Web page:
Have you seen Air-Pots? I haven’t. Air-pots are plant containers made with a new technology that ensures a massive root ball for your plants, giving you a greater yield. The construction makes the roots seek out openings that are too small, so the root is then effectively pruned. This, in turn, causes the plant to send out side roots and more roots from the base overall. Pretty cool. For more information checkout: http://airpotgarden.com/
Heat Zone Map
I live in the southwest corner of Pennsylvania, in zone 6a according to the USDA Hardiness Zone Map. Winters here are pretty cold, but occasionally they are warm. And conversely – our summers usually are not too hot, but sometimes they are really hot. It is this varying temperature issue that raised my attention to the Heat Zone Map. I first learned about it when visiting the Norfolk Botanical Gardens. The Heat Zone Map, developed by the American Horticultural Society, was first published in 1997. It is divided into twelve zones, somewhat like the USDA Hardiness Zone Map. Each zone indicates the average number of days where the temperature is over 86 degrees Fahrenheit, or 30 degrees Celsius. Soon we will start to see the heat zones on all our plant tags in the nurseries, reference books and catalogs. Learn more about the Heat Zone Map here: http://www.ahs.org/gardening-resources/gardening-maps/heat-zone-map. I live in heat zone 2. To find your heat zone, check here: http://www.plantmaps.com/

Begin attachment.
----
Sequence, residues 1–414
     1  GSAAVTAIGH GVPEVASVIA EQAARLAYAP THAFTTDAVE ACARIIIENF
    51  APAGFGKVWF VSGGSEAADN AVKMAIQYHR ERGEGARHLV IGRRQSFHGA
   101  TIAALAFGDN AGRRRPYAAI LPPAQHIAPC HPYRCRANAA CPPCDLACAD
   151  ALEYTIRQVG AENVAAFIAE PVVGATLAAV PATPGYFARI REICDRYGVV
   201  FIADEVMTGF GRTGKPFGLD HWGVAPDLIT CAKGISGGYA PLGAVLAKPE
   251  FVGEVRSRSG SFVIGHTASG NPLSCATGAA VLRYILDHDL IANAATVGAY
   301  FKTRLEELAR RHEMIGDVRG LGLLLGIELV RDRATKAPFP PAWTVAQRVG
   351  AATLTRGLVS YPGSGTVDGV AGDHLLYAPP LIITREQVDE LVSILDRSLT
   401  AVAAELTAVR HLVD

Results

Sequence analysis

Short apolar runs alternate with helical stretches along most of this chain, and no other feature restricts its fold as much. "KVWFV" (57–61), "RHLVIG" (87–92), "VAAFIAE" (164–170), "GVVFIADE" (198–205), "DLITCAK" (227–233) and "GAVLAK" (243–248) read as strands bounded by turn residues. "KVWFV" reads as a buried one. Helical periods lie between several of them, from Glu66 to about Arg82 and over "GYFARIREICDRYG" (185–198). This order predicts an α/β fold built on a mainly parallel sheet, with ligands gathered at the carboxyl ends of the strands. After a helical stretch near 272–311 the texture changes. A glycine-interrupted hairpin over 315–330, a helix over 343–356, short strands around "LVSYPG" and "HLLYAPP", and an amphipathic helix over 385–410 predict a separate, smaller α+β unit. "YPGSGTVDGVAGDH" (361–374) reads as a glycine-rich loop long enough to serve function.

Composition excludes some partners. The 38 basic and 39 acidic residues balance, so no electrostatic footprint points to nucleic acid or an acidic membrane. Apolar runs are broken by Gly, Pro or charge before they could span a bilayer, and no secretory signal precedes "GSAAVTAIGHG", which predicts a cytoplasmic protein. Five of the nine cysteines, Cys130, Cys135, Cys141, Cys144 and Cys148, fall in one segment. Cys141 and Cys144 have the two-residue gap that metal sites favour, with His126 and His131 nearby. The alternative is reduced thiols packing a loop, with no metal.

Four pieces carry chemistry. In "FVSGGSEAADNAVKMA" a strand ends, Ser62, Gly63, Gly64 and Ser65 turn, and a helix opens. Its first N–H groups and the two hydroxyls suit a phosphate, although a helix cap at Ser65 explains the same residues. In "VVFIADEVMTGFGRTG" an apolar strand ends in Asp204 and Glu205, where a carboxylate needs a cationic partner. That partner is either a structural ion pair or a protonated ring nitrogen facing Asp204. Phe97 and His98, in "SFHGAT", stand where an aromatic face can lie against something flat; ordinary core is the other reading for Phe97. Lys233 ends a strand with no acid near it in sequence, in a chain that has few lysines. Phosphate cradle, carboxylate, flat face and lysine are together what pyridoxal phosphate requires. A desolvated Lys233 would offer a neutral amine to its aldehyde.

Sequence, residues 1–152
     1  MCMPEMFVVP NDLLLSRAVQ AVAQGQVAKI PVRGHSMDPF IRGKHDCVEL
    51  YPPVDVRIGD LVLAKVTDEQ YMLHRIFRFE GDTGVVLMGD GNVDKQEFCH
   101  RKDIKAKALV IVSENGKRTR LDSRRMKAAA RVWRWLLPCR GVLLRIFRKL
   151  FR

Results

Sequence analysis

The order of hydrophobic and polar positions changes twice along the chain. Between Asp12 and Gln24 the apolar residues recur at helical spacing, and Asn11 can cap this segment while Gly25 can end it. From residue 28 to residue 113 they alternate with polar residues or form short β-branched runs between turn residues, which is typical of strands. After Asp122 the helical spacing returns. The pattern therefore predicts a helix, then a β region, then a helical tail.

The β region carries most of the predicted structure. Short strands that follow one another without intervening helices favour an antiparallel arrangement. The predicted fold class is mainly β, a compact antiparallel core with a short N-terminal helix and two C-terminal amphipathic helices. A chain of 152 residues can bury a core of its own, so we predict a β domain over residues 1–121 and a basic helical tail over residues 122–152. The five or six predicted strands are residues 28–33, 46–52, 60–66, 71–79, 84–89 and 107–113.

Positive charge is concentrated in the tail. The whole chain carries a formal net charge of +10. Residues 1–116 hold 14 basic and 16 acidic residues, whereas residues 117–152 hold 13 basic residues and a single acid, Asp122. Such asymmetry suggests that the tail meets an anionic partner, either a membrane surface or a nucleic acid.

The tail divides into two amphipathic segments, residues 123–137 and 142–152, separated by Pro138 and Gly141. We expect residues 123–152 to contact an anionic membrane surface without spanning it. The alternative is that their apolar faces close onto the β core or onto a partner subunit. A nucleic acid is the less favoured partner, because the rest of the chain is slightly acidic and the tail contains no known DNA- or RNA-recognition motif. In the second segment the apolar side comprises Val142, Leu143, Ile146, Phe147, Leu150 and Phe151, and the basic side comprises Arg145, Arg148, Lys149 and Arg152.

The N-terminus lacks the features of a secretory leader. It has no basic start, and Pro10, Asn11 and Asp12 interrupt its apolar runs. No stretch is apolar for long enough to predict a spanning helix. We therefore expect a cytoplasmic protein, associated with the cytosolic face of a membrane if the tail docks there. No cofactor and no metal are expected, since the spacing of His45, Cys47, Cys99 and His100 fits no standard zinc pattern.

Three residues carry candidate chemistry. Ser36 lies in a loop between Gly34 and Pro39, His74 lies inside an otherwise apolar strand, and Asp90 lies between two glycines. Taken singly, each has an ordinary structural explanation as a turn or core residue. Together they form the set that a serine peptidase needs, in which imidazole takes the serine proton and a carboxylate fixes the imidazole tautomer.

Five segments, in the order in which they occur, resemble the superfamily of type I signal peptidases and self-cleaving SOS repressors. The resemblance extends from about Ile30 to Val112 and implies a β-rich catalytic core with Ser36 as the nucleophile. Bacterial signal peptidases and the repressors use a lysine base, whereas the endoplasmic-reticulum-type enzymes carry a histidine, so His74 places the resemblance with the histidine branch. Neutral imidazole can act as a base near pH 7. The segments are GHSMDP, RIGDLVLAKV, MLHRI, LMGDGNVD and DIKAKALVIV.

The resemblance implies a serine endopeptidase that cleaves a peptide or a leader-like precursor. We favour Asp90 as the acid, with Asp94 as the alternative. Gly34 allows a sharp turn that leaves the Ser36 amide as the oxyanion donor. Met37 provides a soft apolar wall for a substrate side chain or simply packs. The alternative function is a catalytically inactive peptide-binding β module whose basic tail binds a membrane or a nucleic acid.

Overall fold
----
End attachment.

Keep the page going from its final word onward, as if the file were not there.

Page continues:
We’ve all heard that dark, leafy vegetables are packed with healthy nutrients. But what about other dark vegetables? What about all of the dark red and purple ones that have been showing up lately? You know – the purple cauliflower and broccoli, dark purple carrots, and even tomatoes. The key factor to their color is the presence of anthocyanin, an antioxidant that helps reduce blood pressure, among several other health issues. Now that fall is upon us, the other really interesting thing about anthocyanin in plants is that it actually helps them resist cold temperatures, more than their non-purple cousins. So, why not go out and buy a couple of starts of purple broccoli, or even some red leaf lettuce? They will be great for your health and should make it over the next couple of months. And hey, they’re so dang pretty. Read more about purple in the garden here: http://www.growveg.com/growblogpost.aspx?id=282
I’m sure some of you have already heard about the Air-Pots, the Heat Zone Map and the benefits of purple vegetables. Share your experiences with us. How have they helped your garden?